A recent New York state trial court decision, Romano v. Steelcase Inc., et al., is representative of a recent trend of parties seeking, and courts permitting, discovery of information on social networking sites such as Facebook and MySpace. Rejecting the plaintiff’s privacy concerns, the Romano court held that such information is discoverable because the plaintiff’s damages are at issue. The court ordered the release of the plaintiff’s postings, pictures, and other information on the social networking sites.

The Romano decision falls in line with a handful of other cases that have addressed this issue, including Ledbetter v. Wal-Mart Stores, Inc. (D. Colo. 2009), Mackelprang v. Fidelity Nat’l Title Agency of Nevada, Inc. (D. Nev. 2007), and Beye v. Horizon Blue Cross Blue Shield (D. N.J. 2006). As in Romano, each of these courts held that information posted on social networking sites is, at least in part, discoverable.

 In Romano, the plaintiff filed suit against the manufacturer and distributor of her office chair after she allegedly fell off the chair. The plaintiff alleged that she sustained “permanent injuries” from the fall and, as a result, was generally confined to her home.

In discovery, the defendants sought information and pictures posted to plaintiff’s Facebook and MySpace accounts. Defendants alleged that plaintiff had posted pictures of herself “smiling happily … outside the confines of her home,” which was contrary to her claim that she was confined to her home.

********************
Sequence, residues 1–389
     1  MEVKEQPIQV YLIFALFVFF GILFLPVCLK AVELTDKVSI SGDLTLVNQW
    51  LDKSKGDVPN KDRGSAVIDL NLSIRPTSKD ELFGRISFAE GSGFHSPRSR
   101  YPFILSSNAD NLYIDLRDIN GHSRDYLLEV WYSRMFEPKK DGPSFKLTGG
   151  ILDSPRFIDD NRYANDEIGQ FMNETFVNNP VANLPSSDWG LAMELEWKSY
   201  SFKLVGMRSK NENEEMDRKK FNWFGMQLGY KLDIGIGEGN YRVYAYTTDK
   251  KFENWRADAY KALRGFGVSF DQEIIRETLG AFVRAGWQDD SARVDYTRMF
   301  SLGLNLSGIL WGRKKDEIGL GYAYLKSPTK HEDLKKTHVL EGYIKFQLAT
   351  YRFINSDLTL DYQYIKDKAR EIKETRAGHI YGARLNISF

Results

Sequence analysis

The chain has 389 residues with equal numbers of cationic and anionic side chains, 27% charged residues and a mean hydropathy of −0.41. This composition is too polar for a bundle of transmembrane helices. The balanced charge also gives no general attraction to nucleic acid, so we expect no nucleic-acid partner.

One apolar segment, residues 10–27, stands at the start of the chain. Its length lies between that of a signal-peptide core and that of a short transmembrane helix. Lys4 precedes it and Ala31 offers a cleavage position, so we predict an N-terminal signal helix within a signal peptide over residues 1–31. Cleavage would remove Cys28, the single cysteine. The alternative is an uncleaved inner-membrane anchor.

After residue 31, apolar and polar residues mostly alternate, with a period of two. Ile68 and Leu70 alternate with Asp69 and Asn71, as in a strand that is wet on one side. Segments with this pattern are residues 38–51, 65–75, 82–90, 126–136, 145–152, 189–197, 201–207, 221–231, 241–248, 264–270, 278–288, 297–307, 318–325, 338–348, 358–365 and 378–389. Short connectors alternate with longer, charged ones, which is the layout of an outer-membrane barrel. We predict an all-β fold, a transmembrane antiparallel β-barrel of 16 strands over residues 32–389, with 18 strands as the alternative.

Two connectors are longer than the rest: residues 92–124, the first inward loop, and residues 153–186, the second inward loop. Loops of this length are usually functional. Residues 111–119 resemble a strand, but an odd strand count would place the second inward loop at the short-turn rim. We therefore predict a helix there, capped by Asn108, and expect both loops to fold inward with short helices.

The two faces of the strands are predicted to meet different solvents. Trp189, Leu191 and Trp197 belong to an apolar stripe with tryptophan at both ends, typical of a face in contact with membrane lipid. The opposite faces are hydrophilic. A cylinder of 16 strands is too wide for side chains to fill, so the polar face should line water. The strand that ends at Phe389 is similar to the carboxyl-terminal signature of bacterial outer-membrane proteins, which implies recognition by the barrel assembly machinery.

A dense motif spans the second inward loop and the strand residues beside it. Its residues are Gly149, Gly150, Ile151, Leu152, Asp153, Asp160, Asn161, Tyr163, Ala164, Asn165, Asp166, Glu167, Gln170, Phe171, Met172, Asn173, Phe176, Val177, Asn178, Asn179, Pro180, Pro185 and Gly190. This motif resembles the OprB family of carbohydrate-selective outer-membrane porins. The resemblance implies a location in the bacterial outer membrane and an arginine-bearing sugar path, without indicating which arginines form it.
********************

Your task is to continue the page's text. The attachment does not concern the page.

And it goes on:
The court agreed with the defendants. Citing a strong public policy in favor of disclosure in pre-trial discovery, the court held that “[p]laintiffs who place their physical condition in controversy, may not shield from disclosure material which is necessary to the defense of the action.”

The court rejected plaintiff’s argument that the information should be protected on privacy grounds. The court reasoned that, when creating Facebook and MySpace accounts, plaintiff knew that her information would be available to the public. Thus, the court reasoned, she had no reasonable expectation of privacy.

The Romano case teaches that not only plaintiffs, but executives, managers, and supervisors should be mindful about the content that they post on social networking sites. Although recent decisions have been favorable for defense attorneys seeking information about plaintiffs, it is conceivable that this decision could be used against employers to seek social networking data posted by decision-makers. A manager’s posting—“Glad we got rid of that complainer!”—would likely be an employer’s worst nightmare in a retaliation case.

With more than 400 million users, Facebook and MySpace are potential gold mines of information. Each month, more than three billion photos and 180 billion posts are uploaded to Facebook. Savvy lawyers are just starting to mine this valuable source of information.

Lawyers who use social networking sites as an informal discovery tool should be mindful of the ethical dilemmas. The Philadelphia Bar Association recently issued an ethics opinion stating that it is unethical for an attorney to use a third-party to “friend” an individual, so that the lawyer can gain access to information on that individual’s page. The opinion cited state ethics rules prohibiting lawyers from engaging in “dishonesty, fraud, deceit or misrepresentation.”